Derby County went into this transfer window with their priorities firmly set and consistently stated in the media. They intended to move out several surplus players, cut the wage bill and consolidate the squad. Maybe there would be a couple of loan signings, but that would be about it.
Not a sexy message to get the fans’ blood pumping, but at least it was honest.
Pretty soon, a clutch of ‘non-productive’ senior pros had disappeared. The Stephens – Pearson and Bywater – were both released, to allow them to make their respective loan moves to Bristol City and Sheffield Wednesday permanent. Dean Leacock was soon saying his goodbyes to the Derby fans on Facebook and was freed to join League One Leyton Orient as a free agent straight after. Lee Croft‘s loan move to the SPL, which effectively ends his Rams’ career, was confirmed on Twitter by his glamour model partner, to very little moaning, wailing or gnashing of teeth from the Derby end.
That these players had to be released, rather than sold, says something about the financial state of most clubs in the Football League these days. There isn’t so much easy credit sloshing around and Premier League clubs are generally spending less money, either to try to comply with the Financial Fair Play regulations or because there isn’t any, which has a knock-on effect throughout the divisions. Not many Championship clubs have been able to spend heavily this season – not that Championship clubs were signing most of our unwanted players anyway.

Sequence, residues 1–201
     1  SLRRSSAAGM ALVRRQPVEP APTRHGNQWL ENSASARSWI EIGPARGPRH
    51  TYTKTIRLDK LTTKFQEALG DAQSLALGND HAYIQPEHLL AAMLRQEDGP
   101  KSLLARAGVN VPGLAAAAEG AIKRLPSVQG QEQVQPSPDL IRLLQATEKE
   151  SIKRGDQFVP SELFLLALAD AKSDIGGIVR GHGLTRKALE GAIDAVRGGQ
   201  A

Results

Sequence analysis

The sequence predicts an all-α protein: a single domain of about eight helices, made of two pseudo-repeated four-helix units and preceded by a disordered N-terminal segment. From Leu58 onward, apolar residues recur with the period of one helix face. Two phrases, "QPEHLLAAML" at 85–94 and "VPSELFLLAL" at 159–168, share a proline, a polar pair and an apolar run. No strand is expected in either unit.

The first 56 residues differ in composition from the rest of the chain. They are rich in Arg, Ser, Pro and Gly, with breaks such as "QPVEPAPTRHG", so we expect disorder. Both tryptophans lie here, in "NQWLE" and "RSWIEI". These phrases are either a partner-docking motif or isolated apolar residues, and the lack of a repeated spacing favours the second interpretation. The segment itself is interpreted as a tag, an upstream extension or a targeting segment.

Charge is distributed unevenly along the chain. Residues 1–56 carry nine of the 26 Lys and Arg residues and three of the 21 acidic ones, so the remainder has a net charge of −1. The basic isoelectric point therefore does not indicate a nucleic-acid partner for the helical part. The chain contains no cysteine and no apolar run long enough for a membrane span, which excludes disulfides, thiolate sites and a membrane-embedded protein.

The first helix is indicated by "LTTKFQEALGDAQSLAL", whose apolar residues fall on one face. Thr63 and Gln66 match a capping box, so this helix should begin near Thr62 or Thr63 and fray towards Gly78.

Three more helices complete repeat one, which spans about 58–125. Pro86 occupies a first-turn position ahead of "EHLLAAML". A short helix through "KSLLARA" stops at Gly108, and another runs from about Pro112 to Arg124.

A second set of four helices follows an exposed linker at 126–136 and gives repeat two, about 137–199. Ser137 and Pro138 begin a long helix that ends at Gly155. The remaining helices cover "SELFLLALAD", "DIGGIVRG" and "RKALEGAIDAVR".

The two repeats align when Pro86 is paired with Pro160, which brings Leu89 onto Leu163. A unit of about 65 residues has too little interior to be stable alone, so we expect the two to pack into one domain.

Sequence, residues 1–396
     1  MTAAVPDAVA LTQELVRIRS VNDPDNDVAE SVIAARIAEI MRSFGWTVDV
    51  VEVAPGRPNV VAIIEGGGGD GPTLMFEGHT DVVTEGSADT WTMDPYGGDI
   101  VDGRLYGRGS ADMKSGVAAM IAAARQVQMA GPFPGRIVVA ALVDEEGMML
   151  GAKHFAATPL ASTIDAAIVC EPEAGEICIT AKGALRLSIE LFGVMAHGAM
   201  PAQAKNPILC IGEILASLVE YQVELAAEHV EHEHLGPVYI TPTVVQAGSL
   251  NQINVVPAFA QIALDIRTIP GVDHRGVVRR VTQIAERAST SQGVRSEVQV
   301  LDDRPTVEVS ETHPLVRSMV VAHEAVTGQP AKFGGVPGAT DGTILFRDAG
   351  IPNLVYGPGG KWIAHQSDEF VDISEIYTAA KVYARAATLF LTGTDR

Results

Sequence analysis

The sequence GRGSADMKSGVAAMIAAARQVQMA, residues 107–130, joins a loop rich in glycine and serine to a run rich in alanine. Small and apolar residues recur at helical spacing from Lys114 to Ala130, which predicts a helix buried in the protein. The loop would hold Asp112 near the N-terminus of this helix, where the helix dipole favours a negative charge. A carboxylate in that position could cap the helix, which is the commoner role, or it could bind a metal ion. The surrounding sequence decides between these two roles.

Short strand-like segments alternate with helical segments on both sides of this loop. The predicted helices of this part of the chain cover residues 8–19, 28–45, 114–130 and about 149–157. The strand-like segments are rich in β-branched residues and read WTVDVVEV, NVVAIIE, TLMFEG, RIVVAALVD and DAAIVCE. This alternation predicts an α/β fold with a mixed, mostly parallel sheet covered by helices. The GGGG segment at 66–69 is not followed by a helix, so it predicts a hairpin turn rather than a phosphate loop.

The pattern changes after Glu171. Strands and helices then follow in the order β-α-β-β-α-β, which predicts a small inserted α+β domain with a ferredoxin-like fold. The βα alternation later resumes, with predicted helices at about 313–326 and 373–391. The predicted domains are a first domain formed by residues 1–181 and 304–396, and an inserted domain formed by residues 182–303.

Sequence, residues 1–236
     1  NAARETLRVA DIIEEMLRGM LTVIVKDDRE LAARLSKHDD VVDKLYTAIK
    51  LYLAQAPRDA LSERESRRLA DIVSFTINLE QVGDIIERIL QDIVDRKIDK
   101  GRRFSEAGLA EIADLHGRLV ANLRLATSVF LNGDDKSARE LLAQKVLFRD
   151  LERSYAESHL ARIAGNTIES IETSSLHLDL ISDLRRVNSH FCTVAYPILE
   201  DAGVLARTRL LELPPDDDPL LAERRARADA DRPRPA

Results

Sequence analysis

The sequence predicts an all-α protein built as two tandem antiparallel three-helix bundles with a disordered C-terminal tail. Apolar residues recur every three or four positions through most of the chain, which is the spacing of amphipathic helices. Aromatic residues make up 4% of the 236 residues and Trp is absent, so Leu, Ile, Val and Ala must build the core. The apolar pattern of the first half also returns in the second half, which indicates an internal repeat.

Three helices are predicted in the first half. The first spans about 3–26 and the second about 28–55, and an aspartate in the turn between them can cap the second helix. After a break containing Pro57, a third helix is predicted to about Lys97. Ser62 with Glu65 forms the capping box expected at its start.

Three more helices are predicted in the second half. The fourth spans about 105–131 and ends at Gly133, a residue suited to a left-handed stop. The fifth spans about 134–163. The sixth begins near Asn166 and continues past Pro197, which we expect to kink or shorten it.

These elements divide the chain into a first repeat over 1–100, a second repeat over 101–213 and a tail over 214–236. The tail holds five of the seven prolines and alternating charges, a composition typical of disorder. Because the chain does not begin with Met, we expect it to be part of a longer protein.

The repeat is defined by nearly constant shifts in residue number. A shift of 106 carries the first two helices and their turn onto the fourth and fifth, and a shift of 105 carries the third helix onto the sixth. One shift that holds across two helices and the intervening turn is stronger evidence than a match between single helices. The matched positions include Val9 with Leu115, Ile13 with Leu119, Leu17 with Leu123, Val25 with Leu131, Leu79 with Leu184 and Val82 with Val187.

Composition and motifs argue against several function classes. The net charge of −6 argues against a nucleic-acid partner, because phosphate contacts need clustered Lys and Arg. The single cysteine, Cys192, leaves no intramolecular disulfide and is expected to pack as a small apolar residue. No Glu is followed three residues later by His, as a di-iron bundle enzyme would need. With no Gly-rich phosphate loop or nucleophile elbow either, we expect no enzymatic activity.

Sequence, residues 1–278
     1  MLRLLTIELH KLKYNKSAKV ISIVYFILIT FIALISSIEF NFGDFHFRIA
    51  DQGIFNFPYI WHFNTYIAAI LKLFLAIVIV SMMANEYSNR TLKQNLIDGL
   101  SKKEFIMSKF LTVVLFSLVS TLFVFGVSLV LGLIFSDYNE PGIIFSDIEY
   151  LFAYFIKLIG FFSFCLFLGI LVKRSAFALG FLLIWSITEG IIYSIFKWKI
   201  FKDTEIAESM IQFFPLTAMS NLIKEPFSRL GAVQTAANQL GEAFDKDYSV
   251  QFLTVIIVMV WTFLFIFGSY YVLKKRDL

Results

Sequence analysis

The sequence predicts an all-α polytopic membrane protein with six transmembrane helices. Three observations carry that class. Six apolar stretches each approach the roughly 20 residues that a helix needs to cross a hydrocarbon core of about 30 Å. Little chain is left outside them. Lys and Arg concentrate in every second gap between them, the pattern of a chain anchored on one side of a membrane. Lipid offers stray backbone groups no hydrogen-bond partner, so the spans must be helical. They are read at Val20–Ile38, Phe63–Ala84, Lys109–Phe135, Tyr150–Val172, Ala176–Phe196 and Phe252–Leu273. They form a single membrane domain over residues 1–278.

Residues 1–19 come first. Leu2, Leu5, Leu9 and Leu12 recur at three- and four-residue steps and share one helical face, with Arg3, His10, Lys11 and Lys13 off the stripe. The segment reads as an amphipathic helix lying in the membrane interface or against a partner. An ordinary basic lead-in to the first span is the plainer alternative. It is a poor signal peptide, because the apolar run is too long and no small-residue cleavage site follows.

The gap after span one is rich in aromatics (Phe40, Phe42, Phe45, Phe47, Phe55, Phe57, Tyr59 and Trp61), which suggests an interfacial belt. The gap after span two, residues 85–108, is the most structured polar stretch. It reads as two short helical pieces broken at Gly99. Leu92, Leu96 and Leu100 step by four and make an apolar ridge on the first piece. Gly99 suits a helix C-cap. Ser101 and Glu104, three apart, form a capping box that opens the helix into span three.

After this purge, the England U’19 striker Ryan Noble was loaned in from Sunderland, for an initial month, possibly with a view to a longer stay. Nigel Clough mentioned the possibility of another loan signing coming in before the January deadline, but also admitted that this was to cover the eventuality of Paul Green being sold. Enter Tom Carroll, a pint-sized, but gifted left-footed midfield playmaker. Carroll is another England U’19 international, described by Tim Sherwood, his coach at Tottenham Hotspur, as being technically good enough to play for Barcelona.
Green’s situation divided fans. Had he left, his energy and determination would have been missed. He was an important part of the recent winning run, playing well despite being out of position on the right side of midfield.
Clough made the point that the club have ‘other priorities for the summer’, so it may still be that Green’s financial demands are not met at the end of the season, freeing up funds for other signings. Green is 28 and has given good service to Derby, but as he has now reached his peak in terms of age, this is an important contract for him. If he can get a better two or three year deal elsewhere, he can hardly be blamed for accepting it, as by the end of that time, he will be into his thirties as a player whose prime virtues have always been stamina and tenacity, rather than technique or vision.
Green’s absence against Barnsley last night clearly destabilised the team’s balance and shape. An abortive attempt to slot in Jeff Hendrick into his place on the right, with Carroll replacing James Bailey in central midfield, contributed to a disastrous first-half collapse.